where you sit. But I have to tell you, nothing bugs me more when I look
into the eyes of somebody sitting there somewhere else on some other show,
like on Bill Maher, who I know knows it`s destructive if this happens, but
because they`re Republicans this time, they think it doesn`t -- they`re
openly saying what they know isn`t true, that this isn`t going to hurt,
this is prioritizing or fixing or whatever else.

STEVE ELMENDORF, DEMOCRATIC STRATEGIST: I mean, you have a bunch of
Republicans who are deniers. I mean, I think there are a bunch of them
actually believe it, Chris, that`s the scary part.

MATTHEWS: They wouldn`t believe it if it was a Republican president, would
they?

ELMENDORF: I think a lot of them are so crazy --

MATTHEWS: Would they believe if their keister was on the line here?

ELMENDORF: Well, I think for a lot of them, the hatred of Obama clouds
everything they think. But I think a lot of them, they`re just know-
nothings. And a lot of people in the business community, as Tom Donohue
said, need to stand up to them.

MATTHEWS: Is this part of the Ayn Rand libertarian creed that nothing
matters except your own ego? Is this the thing that`s going on?

When you got a guy like Rand Paul, he`s not stupid. He`s out there saying
it doesn`t matter. Where`s that coming from? I could see a Steve King who
doesn`t know anything, saying I raised a family, I own a national business,
but never mind. I don`t get these guys. I think they`re irresponsible.

Roger, when you talk about the business community and communications, the
top editorials of "The Wall Street Journal," which is almost a bible to
business, the U.S. Chamber, people even like Koch brothers, are out there
saying, please, don`t take us off the cliff.

Why doesn`t the communication get through to the voting members of the
House of Representatives?

ALTMAN: Well, I think as you`ve been saying on this show earlier tonight,
Chris, I think this really, so far, has come down to some number, like 40
of House Republicans on the far right, the Tea Party Republicans. But if
Thursday morning is D-Day in terms of default, and it looks midday
Wednesday, Wednesday morning. So, this really may happen.

There will be such a plunge, I think, in the stock market that it will
frighten people on main street in a big way, average people, people, as you
said earlier, with IRAs and so forth. And that fright, I think, will
motivate the leadership to break the Hastert Rule and pass at least an
increase in the budget limit.

MATTHEWS: Will that be a bungee jump or will we have irreparable harm just
because for the first time ever, we`ve defaulted, even for just several
hours. I think both parties, especially Republicans, are pushing and
pushing, how close can we get to the cliff without falling over? But if
they get and fall at all, even for an hour, will it be a bungee jump or
death?

ALTMAN: A bungee jump. It will be analogous to the first congressional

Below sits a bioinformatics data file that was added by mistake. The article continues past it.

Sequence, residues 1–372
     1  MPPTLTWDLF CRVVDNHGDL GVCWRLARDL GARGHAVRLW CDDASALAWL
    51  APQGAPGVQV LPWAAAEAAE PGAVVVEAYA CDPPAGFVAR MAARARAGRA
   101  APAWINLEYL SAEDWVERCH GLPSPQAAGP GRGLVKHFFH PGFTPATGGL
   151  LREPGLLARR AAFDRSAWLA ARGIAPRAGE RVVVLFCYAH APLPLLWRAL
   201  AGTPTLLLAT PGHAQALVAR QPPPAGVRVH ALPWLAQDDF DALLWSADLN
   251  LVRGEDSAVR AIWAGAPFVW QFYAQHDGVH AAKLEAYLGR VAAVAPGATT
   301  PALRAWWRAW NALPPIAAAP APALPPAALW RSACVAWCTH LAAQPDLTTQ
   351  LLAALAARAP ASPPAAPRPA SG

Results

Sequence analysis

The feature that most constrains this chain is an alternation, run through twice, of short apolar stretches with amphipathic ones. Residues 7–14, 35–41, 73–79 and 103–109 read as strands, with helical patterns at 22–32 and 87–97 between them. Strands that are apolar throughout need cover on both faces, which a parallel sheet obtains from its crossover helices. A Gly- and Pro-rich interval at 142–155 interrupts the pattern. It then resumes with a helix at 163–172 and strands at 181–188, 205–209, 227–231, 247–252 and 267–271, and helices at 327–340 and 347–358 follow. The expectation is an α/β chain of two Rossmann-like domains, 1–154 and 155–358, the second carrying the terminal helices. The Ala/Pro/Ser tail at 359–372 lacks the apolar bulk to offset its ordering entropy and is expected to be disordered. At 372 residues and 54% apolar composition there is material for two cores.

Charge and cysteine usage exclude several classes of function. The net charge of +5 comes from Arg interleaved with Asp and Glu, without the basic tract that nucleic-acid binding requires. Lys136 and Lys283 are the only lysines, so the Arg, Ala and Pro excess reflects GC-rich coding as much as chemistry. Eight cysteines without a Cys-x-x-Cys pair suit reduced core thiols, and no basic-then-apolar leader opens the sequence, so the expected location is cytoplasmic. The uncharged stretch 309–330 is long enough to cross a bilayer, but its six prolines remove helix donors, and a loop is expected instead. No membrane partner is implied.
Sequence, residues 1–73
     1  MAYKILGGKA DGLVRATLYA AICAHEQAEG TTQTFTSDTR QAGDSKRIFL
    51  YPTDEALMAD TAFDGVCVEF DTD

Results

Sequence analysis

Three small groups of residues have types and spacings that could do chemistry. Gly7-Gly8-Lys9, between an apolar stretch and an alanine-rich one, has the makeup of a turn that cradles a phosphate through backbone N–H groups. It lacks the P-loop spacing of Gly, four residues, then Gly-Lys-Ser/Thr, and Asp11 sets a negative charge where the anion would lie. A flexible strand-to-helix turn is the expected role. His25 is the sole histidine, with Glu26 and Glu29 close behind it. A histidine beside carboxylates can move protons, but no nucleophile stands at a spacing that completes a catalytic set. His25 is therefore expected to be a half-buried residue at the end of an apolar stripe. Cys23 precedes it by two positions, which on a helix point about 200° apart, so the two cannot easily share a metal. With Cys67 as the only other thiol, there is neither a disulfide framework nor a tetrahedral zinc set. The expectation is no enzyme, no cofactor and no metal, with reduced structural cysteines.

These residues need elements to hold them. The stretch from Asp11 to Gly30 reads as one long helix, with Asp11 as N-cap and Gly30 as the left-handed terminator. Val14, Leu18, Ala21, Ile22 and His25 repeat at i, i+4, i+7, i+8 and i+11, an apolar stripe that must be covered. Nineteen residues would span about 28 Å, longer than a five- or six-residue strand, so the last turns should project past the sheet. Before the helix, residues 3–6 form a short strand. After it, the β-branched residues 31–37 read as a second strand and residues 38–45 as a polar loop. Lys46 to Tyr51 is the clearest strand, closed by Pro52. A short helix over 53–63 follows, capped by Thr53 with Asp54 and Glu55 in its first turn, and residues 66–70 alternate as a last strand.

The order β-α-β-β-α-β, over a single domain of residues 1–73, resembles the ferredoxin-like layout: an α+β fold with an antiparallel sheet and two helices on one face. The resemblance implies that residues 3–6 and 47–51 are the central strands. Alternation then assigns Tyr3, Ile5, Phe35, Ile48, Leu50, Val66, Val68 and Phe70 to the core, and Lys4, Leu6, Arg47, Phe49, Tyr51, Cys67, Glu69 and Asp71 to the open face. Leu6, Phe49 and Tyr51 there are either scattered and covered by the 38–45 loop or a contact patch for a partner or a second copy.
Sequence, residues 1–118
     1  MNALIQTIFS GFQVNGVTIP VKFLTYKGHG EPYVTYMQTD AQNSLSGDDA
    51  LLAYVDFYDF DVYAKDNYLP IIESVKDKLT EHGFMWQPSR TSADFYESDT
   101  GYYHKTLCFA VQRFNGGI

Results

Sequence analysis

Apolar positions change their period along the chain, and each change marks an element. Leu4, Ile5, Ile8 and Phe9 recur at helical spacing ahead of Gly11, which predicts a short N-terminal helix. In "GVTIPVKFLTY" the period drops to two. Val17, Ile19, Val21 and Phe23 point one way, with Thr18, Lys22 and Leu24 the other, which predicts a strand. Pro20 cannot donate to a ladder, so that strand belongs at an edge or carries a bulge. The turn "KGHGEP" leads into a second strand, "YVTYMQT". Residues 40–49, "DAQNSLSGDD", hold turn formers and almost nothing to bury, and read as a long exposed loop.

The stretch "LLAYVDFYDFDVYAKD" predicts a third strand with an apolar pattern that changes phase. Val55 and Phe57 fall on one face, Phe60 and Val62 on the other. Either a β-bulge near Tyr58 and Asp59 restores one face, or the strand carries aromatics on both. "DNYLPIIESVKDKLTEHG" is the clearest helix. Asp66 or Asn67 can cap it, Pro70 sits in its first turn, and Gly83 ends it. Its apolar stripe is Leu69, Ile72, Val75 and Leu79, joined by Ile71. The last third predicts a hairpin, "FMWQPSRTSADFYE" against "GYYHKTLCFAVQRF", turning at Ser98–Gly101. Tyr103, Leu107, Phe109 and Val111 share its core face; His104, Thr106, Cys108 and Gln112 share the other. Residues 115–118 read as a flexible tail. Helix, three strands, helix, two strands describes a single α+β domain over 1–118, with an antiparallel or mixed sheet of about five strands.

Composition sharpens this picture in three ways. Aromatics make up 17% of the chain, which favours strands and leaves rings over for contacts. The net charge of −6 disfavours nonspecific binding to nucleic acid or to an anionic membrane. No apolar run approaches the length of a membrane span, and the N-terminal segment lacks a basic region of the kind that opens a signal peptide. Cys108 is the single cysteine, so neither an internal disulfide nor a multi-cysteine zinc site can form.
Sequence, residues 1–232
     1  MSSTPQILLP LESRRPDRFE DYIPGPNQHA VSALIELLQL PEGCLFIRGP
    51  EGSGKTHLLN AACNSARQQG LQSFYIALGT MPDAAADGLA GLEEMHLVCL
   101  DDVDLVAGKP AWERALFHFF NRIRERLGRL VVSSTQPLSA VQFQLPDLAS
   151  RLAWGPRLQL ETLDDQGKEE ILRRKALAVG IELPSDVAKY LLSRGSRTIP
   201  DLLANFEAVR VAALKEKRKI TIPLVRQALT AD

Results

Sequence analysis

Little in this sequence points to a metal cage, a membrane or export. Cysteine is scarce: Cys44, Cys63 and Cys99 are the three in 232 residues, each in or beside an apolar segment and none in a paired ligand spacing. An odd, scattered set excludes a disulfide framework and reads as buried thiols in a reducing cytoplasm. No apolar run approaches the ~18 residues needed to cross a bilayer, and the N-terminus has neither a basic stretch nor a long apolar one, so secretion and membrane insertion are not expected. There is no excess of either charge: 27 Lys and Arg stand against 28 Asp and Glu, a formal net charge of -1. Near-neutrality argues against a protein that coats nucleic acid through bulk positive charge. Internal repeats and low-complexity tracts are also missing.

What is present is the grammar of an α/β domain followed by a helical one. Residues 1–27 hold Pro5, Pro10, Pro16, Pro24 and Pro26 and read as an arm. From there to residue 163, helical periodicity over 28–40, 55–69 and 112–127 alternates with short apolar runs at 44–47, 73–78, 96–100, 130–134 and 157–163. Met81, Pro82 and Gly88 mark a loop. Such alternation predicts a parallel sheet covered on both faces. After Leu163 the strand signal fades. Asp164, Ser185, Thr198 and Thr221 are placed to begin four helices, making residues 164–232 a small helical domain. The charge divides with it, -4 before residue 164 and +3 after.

vote in 2008 on the TARP when the vote, which was expected to pass, of
course, didn`t, the market plunged 800 points, people on main street were
terrified by that plunge. Forty-eight hours later, the Congress came back
in and voted the TARP through. It will be like that.

MATTHEWS: I think I have a worse -- maybe I`m more worried than you, Rog,
and you`re the expert. You know, Steve and Roger, I`m afraid, having lost
our perfect safety record, we`ll never be the same.

Anyway, thank you, Roger Altman.

ALTMAN: Thank you, Chris.

MATTHEWS: Thank you, Steve Elmendorf.

We`ll be right back after this.

(COMMERCIAL BREAK)

MATTHEWS: Let me finish tonight with this:

We now wait, sit in wait and check the news for two possibilities, one
that, once again, the two parties reach yet another 11th-hour decision that
disappoints us with once again an unsatisfactory result, which instead of
doing no harm only manages to do less harm.

The second possibility is if it only works. If the House Republicans will
not or cannot come to an agreement with the Democratic-led Senate and the
Democratic president, Barack Obama, we are in for trouble. It will be a
renegade moment in American history.

Suddenly, we would face the reality of a right wing run amuck, a refusal to
participate in national self-government out of some angry need to bring the
House down and be seen doing so.

There was once a way to do things in American politics. It was easy to
understand. You fought over policy, you agreed on a compromise in a
reasonable time, you signed a bill together, there were smiles all around
and the country liked what it saw.

Now, we have a system where you fight even when you have to keep coming up
with reasons, new reasons for the fight, where you recklessly miss
deadlines, where you keep on fighting, where you may or may not reach a
compromise where there is more anger in the country after than before. We
don`t calm differences these days, we stoke the anger.

Well, tonight, I`ll be on "THE RACHEL MADDOW SHOW" to talk about my book,
"Tip and The Gipper," which I imagined often in writing it as a warm-
hearted look at a good time in American life, but instead now looms as a
real operator`s manual on how the government should be run, an optimistic
look at how it still could.

And that`s HARDBALL for now. Thanks for being with us.

"ALL IN WITH CHRIS HAYES" starts right now.